Catering to the needs and tastes of the growing population, Levi Strauss opened a dry goods business and Domingo Ghirardelli began manufacturing chocolate. Immigrant laborers made the city a polyglot culture, with Chinese railroad workers, drawn to "Old Gold Mountain", creating the city's Chinatown quarter. In 1870, Asians made up 8% of the population.

At 5:12 am on April 18, 1906, a major earthquake struck San Francisco and northern California. As buildings collapsed from the shaking, ruptured gas lines ignited fires that spread across the city and burned out of control for several days. With water mains out of service, the Presidio Artillery Corps attempted to contain the inferno by dynamiting blocks of buildings to create firebreaks.
 
More than three-quarters of the city lay in ruins, including almost all of the downtown core.Contemporary accounts reported that 498 people lost their lives, though modern estimates put the number in the several thousands.
 
Rebuilding was rapid and performed on a grand scale. Rejecting calls to completely remake the street grid, San Franciscans opted for speed.
 
Amadeo Giannini's Bank of Italy, later to become Bank of America, provided loans for many of those whose livelihoods had been devastated. The influential San Francisco Planning and Urban Research Association or SPUR was founded in 1910 to address the quality of housing after the earthquake.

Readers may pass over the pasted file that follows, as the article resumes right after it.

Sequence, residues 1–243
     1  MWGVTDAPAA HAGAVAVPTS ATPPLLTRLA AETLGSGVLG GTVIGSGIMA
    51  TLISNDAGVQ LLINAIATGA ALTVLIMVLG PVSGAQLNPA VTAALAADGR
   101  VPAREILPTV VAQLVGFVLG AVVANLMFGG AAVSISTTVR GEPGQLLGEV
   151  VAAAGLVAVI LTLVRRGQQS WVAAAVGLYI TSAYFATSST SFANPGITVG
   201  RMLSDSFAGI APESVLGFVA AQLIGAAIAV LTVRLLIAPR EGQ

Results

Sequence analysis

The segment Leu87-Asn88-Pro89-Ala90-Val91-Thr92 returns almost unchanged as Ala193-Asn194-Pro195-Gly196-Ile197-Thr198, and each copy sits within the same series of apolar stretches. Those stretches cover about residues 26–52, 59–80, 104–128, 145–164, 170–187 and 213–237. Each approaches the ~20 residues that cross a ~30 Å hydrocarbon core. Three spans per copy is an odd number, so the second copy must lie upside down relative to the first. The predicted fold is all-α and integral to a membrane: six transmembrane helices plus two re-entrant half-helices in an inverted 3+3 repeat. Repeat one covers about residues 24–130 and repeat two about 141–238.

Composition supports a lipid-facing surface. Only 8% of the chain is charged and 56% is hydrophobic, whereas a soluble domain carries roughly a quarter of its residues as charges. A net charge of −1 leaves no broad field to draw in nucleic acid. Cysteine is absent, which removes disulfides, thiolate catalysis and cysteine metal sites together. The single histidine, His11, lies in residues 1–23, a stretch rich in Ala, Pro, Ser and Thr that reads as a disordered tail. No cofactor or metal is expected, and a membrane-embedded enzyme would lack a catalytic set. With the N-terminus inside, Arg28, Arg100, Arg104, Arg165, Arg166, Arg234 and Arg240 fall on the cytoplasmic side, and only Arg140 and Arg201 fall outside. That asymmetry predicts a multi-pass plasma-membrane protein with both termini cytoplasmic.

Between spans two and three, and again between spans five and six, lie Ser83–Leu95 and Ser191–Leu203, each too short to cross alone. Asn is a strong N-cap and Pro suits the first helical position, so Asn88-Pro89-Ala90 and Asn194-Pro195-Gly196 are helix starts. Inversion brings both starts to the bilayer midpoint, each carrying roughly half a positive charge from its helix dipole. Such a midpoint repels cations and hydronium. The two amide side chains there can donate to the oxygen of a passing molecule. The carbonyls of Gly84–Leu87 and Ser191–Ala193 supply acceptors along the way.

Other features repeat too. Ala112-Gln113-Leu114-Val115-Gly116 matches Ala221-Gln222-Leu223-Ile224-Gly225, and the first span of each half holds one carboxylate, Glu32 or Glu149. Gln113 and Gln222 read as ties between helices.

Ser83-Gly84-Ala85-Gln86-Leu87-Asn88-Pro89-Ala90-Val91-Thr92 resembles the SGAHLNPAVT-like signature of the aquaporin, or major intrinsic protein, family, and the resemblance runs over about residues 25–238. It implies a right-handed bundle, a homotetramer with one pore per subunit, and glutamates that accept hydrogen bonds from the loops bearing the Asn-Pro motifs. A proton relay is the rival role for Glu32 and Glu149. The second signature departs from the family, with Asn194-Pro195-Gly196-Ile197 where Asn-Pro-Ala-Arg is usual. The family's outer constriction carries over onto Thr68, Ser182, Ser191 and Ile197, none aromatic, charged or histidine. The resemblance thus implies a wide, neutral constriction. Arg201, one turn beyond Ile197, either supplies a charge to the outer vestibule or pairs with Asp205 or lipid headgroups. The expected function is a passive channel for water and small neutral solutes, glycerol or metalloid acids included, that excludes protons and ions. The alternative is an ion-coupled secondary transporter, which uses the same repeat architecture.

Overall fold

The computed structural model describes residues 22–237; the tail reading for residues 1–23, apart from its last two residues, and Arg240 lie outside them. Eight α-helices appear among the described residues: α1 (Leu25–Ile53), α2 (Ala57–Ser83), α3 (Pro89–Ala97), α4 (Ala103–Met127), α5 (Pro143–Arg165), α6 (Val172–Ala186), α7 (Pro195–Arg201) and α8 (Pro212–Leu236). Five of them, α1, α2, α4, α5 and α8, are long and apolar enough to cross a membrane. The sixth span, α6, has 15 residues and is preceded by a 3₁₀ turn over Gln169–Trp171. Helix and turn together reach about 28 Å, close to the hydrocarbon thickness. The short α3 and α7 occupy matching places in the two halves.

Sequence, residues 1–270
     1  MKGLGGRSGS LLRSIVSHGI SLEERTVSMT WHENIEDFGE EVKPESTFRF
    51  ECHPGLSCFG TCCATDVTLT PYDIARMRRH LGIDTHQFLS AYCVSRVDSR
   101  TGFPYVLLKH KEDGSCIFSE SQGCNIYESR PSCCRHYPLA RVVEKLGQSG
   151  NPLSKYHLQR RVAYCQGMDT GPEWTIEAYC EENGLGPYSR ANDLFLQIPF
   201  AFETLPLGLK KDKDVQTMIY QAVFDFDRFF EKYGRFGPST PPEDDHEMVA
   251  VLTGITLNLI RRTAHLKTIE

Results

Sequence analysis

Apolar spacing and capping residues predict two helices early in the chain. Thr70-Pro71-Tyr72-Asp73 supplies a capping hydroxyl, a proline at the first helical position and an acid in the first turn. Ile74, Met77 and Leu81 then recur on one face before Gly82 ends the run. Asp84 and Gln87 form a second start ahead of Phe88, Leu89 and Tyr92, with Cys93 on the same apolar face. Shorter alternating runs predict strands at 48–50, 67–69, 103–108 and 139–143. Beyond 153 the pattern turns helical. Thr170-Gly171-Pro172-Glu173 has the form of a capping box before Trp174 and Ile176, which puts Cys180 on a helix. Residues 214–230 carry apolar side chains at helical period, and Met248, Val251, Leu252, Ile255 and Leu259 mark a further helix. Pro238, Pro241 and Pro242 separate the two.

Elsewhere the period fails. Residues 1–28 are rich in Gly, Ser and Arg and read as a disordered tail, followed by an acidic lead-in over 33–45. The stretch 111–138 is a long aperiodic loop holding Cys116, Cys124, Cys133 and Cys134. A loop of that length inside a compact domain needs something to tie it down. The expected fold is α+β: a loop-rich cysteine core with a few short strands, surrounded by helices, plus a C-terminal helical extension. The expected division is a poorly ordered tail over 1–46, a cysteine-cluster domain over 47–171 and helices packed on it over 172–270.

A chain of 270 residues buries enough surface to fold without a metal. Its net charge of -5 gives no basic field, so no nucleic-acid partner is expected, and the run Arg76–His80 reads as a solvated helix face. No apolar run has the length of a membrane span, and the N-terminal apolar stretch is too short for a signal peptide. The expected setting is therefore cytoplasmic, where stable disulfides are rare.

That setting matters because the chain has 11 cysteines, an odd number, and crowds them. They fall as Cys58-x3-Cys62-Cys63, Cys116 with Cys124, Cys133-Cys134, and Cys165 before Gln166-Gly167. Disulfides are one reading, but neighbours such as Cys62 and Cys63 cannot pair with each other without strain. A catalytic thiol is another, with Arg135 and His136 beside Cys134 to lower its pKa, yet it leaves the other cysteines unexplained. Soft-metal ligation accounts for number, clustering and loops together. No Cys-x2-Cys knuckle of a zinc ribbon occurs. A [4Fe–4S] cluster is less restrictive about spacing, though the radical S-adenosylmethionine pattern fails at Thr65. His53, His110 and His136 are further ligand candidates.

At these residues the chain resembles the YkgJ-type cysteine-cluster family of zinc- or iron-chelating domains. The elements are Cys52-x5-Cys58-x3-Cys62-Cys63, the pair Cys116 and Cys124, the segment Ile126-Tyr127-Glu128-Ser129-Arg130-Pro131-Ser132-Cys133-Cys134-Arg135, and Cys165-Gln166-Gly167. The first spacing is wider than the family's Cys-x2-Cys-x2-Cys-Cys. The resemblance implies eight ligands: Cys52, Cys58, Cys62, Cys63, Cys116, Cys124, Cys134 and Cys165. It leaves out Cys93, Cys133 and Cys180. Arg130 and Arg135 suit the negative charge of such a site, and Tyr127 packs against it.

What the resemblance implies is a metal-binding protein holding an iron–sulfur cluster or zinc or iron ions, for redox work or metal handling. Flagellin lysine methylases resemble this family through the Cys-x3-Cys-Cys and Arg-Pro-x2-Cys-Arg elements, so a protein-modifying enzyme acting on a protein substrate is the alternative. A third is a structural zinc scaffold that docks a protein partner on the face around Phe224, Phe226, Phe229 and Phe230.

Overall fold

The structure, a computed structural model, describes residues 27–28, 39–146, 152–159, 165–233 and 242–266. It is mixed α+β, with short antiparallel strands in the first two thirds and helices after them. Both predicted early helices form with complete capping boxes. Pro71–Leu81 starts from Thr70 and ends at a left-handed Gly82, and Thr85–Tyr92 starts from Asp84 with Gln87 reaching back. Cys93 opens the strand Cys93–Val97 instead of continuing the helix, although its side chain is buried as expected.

There are more than 50 hills within city limits.Some neighborhoods are named after the hill on which they are situated, including Nob Hill, Potrero Hill, and Russian Hill. Near the geographic center of the city, southwest of the downtown area, are a series of less densely populated hills.
 
Twin Peaks, a pair of hills forming one of the city's highest points, forms a popular overlook spot. San Francisco's tallest hill, Mount Davidson, is 928 feet (283 m) high and is capped with a 103-foot (31 m) tall cross built in 1934. Dominating this area is Sutro Tower, a large red and white radio and television transmission tower.

San Francisco's climate is characteristic of the cool-summer Mediterranean climate.